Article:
Class Notes (1,100,000)
CA (630,000)
UTSC (30,000)
Philosophy (1,000)
PHLA11H3 (100)
Lecture

PHLA11H3 Lecture Notes - John Stuart Mill, Henry Sidgwick, Jeremy Bentham


Department
Philosophy
Course Code
PHLA11H3
Professor
Kelin Emmett

Page:
of 3
Ethics - Session 3
utilitarianism
explains most fundamental/general differences between right or wrong actions
the greatest happiness principle
an act is right if and only if it brings the greatest amount of happiness/utility, pleasure in
the absence of pain
3 categories of moral evaluation of actions
(can replace "actions" with "people" or "intentions", but will focus on "actions)
1. obligatory: morally required
a kind of right action when more than just right because it's required
2. permissible/right: morally accepted
3. impermissible/wrong: obligated to not do
every action
either right or wrong
Q. when is an act obligatory?
A. when it's the only right action
ex. There's a drowning kid in a shallow pond.
it would be wrong to not save the kid
classic formation of utilitarianism
1. Jeremy Bentham
2. John Stuart Mill
3. Henry Sidgwick
two main parts of utilitarianism
1. consequentialism
whether an act is right or wrong is determined entirely by its consequences
an act is right if and only if it produces the best consequences for everyone out of all
the acts available to the agent
2. hedonism
Q. what if the consequences are good for you, but bad for me?
A. weight which action produces worse consequences
need a theory of the good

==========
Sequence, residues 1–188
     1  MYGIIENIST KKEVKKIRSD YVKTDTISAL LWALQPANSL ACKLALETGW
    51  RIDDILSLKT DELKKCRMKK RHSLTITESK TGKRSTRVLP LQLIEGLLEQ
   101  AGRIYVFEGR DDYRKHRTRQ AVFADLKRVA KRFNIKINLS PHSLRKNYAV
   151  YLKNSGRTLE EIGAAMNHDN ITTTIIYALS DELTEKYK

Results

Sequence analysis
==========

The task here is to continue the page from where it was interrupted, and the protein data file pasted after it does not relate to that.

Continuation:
an account of what it is for the consequences to be better or worse
two important features of utilitarianism
1. universality
2. impartiality
force is an action in itself, so it's not good to force somebody
if the results are good, then it's fine
utility
total hedons produced - total dolors produced
Q. is it always wrong to do actions with more pain than pleasure?
A. not if there are no acts availiable to the agent that produces more pleasure than pain
Mill's reply to the response that utilitarianism is a “Doctrine Worthy of Swine
it's not me who's representing human nature in a bad light
bodily pleasures are natural and good
distinguishes between higher (intellectual) and lower pleasures (bodily)
how to measure pain/pleasure
1. duration
2. intensity
# of hedons produced= duration*intensity
measurement of pain and pleasure
Mill says that is not complete right because we need to measure quality too, not only
quantity
Q. which of the two pleasures is of higher quality?
A. higher pleasures are of greater value than lower pleasures